GMs decide hits part of game
PITTSBURGH -- NHL general managers still have little interest in outlawing otherwise legal hits that result in contact to an opponent's head.
The NHL Players' Association, acting on behalf of its members, has been pushing for a rule that would ban blows to the head. So far, that request has been met with resistance from the 30 general managers -- many of whom were longtime players in the league.
"There is no appetite for an automatic penalty," Toronto general manager Brian Burke said Tuesday following a meeting at the Stanley Cup finals.
Burke has long been a proponent of the physical side of the sport and often builds his clubs with a significant amount of brawn in the lineup.
He isn't concerned about negative public reaction that could come from Tuesday's decision not to further protect players by adding a new rule governing hits.
"I'm not running for office here. I don't care if people agree with what I say," Burke said. "I'm telling you there were 30 GMs in that room and there's no appetite for an automatic penalty. Hitting is a critical part of our game, it's distinctive to North American hockey.
"If you go to an automatic penalty, the leagues where they've put it in I think it's resulted in horrendous calls for clean checks. So there is no appetite for that."
NHL disciplinarian Colin Campbell made a multi-pronged presentation Tuesday that included video of hits -- both legal and illegal. He explained his decisions for imposing suspensions for some of the infractions, including one by Washington's Donald Brashear on New York Rangers forward Blair Betts in the first round of the playoffs.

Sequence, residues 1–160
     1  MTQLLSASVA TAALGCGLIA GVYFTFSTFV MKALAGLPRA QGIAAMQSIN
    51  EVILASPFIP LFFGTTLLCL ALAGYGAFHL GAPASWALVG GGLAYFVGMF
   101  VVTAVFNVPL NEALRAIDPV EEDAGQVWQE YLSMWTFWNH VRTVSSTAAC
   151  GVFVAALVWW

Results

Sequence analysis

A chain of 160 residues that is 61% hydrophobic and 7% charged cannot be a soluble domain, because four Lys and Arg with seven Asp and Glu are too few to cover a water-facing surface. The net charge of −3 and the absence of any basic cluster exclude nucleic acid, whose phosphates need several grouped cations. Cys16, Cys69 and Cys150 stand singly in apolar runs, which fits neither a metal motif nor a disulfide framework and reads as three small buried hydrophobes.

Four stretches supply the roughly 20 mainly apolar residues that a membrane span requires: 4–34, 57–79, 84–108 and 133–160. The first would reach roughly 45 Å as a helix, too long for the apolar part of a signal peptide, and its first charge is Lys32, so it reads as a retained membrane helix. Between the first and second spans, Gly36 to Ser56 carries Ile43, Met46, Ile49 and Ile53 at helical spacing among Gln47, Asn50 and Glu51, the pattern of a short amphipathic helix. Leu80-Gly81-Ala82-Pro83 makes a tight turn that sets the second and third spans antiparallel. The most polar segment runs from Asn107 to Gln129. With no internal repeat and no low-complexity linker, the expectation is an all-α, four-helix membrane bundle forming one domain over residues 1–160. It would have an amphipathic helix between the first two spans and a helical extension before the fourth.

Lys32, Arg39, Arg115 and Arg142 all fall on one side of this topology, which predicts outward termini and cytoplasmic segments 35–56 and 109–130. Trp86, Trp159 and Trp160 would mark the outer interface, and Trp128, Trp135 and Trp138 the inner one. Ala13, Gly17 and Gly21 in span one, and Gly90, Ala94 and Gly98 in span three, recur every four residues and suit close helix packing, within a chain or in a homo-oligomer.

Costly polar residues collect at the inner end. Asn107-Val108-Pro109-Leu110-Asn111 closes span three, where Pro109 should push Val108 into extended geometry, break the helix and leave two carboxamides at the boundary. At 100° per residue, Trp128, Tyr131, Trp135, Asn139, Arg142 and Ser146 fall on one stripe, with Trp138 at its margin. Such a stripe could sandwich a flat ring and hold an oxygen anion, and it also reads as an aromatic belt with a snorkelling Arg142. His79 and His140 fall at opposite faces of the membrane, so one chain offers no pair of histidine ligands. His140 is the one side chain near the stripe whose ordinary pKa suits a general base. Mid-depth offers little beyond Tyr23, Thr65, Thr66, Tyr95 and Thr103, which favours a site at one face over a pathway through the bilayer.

Brashear was suspended a total of six games, five for the shot that broke a bone around Betts' eye.
"The hits that caused an injury grabbed a lot of attention," Campbell said. "They are no different than a legal shoulder hit that didn't cause an injury. The managers' appetite was to keep it the same and do a little more education with the players. But it's part of our game. We don't like when a player gets hurt, but it happens. It's part of the game that fans have come to accept, and [the GMs] didn't have an appetite to get rid of it."
Campbell also dismissed the notion that a poll of players revealed that 70 percent would welcome a rule against shots to the head.
The NHLPA is expected to present another proposal calling for the new penalty to be adopted.
"I'd like to ask all the players myself and I'd like to show these hits," Campbell said. "Seventy percent of those players might say that, but each hit involved two players -- one delivering it and one taking it. That's 50 percent right there. Maybe the guy who took it didn't like it, but the guy who delivered it thought it was legal."
While no one wishes to see players get hurt, as Chicago's Martin Havlat was when he was caught up high by a check from Detroit's Niklas Kronwall in the Western Conference finals. Still, big hits are a big drawing card for hockey in North America.
"It's an issue that we all want to take a long look at and continue our dialogue with the NHLPA," Philadelphia Flyers GM Paul Holmgren said. "It's a fine line. I don't think anyone wants hitting to come out of the game. At the end of the day, it's always been a man's game. We don't want to see serious injuries, and I think we can continue to watch out for that."
There was still no resolution, either, on the idea of adding penalties that would curb fighting -- especially staged bouts that occur after faceoffs or at the end of games.
"I'm still focused on the blows to the head and the hits like that," San Jose Sharks GM Doug Wilson said. "It was a priority issue and I think we're getting closer to defining it better. I'm still on that before we get into fighting. I'd like closure to other issues before."
One thing that was agreed upon was to add a season-ending award that would honor the GM of the year.
While logistics still have to be worked out as to who will vote for the award, it should be part of the league's season-ending ceremony by next year.
"The NHL is going to acknowledge excellence at every level ... good-guy award, defensemen get awards, this and that, and a coach of the year, but there is no GM of the year. I didn't think that was right," Burke said. "I first raised this in 1994, so sometimes being a hardheaded Irishman pays off."
Copyright 2009 by The Associated Press